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Friday, December 17, 2010

Apples and oranges

Erin Kelly

Staff Writer

Those opposed to the Affordable Care Act have said a lot of crazy things to mislead Americans. From false talking points about health reform being responsible for double digit premium increases for policy holders, to the outright lie that the law is a “government takeover of health care,” the opposition has made it their job to misinform the public.

Fearmongers will continue to spread rumors, distort the truth, and say whatever they can to persuade Americans that dozens of new consumer protections are a bad thing.

So when we recently read a blog post on Forbes that just didn’t add up, we had to set the record straight.

The author of the blog compares purchasing health coverage to paying one’s monthly cell phone bill. Setting aside the fact that he’s pretty much comparing apples and oranges, what the author really does in this piece is demonstrate just how little he knows about the problems that uninsured Americans face.

He argues that those who have the money to buy a cell phone can (and should) be able to purchase insurance:

An individual health insurance policy and a monthly cell phone plan are roughly the same price, which means there are many people who supposedly can’t afford health insurance, yet are paying for a cell phone. 

To which we respectfully say: “No.”

Sure, there may be one person in 1,000  who is young and healthy and has no pre-existing conditions who might be able to get coverage for the average price of a cell phone bill. But this is certainly the exception, not the rule. The author fails to understand that affordable coverage in the individual market is much harder to come by than a good cell phone plan.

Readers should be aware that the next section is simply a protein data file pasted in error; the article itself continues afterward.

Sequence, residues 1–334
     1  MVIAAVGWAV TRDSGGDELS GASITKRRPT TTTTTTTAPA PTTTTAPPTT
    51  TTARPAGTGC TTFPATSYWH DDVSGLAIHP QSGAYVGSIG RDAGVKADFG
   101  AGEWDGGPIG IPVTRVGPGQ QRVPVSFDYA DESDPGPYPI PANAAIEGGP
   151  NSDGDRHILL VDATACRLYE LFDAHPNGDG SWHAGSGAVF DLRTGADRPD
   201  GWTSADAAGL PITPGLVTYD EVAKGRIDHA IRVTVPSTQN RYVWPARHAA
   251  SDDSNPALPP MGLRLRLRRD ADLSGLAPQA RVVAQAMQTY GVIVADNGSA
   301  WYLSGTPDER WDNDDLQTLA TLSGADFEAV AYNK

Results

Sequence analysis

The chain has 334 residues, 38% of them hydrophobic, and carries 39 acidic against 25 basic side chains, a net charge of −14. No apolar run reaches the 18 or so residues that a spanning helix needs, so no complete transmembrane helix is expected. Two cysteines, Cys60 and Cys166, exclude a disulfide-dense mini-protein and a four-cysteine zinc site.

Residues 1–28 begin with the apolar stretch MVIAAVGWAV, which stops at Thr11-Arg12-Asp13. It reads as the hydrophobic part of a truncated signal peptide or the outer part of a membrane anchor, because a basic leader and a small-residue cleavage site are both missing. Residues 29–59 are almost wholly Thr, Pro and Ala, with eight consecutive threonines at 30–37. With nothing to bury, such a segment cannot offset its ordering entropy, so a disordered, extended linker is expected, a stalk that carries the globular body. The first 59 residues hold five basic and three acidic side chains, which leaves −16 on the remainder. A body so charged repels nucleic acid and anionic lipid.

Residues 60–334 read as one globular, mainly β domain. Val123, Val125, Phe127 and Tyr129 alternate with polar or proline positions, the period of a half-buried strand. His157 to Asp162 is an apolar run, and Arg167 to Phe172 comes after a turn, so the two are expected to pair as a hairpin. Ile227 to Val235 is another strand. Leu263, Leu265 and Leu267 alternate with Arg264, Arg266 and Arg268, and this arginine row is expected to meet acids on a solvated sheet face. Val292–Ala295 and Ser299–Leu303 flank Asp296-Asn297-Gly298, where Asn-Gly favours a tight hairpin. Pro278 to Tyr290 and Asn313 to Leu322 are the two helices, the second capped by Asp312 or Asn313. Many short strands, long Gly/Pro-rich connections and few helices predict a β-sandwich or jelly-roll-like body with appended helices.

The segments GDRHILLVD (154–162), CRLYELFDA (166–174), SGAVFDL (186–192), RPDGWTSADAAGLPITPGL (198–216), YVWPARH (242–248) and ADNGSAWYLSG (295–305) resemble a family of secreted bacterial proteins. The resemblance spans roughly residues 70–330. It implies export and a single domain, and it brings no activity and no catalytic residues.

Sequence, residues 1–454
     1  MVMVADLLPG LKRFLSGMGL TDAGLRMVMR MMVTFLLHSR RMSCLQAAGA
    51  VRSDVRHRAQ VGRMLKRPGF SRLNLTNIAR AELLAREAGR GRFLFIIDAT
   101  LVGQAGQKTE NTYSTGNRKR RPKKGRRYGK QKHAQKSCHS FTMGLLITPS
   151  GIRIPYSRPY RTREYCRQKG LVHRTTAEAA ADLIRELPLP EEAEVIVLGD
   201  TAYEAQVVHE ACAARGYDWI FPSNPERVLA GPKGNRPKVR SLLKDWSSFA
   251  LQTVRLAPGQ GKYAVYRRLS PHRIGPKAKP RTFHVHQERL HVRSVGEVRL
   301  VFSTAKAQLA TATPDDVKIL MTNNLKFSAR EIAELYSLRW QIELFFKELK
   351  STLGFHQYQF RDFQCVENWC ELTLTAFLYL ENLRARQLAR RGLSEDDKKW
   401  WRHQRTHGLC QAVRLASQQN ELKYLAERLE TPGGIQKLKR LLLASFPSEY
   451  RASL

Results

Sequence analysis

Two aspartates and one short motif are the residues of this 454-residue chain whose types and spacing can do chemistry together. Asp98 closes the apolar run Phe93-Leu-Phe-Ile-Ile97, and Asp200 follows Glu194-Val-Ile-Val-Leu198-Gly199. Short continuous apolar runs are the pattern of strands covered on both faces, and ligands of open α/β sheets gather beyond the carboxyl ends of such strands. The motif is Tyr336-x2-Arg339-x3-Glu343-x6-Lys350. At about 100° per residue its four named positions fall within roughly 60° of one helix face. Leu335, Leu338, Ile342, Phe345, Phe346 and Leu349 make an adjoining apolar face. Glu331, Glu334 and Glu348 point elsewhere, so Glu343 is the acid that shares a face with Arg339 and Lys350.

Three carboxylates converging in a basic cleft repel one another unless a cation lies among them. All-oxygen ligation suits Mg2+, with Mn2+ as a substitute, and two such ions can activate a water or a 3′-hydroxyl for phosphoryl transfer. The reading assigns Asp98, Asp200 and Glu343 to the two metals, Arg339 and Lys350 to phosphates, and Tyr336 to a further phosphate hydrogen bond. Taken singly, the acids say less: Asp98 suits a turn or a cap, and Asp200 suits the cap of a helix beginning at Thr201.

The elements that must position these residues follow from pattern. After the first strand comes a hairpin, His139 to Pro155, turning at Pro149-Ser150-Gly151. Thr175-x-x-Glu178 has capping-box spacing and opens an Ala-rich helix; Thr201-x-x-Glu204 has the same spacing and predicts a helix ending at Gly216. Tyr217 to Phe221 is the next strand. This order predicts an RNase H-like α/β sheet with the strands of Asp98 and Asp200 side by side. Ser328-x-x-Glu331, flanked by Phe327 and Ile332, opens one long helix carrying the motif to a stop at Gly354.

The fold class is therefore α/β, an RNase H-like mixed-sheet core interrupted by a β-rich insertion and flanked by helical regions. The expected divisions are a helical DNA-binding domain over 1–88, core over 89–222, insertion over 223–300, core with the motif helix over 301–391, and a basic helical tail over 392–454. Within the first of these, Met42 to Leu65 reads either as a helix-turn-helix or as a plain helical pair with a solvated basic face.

The truth is, many of those who are uninsured simply cannot afford the cost of premiums that are rising significantly faster than working American’s paychecks.

When you apply for insurance on the individual market, people known as “medical underwriters” thoroughly scan your medical history to find even minor health care issues as an excuse to jack up your premiums. If you’ve had acne as a teenager, your rates can go up significantly. Do you have allergies? Yup, those could cause your rates to go up, too. Are you a woman of child bearing age? You guessed it— your rates would most likely go up. So then, the question is: Do they do that when you purchase a phone? No.

Unless you have had zero health problems and are young, you will likely have a very hard time finding coverage for the price of an average monthly cell phone bill.

And misconceptions like this one have been spread by opponents of reform since the beginning of the debate about the Affordable Care Act. They continue to ignore the harsh reality that many Americans face every day in obtaining affordable health insurance. It’s time we set the record straight.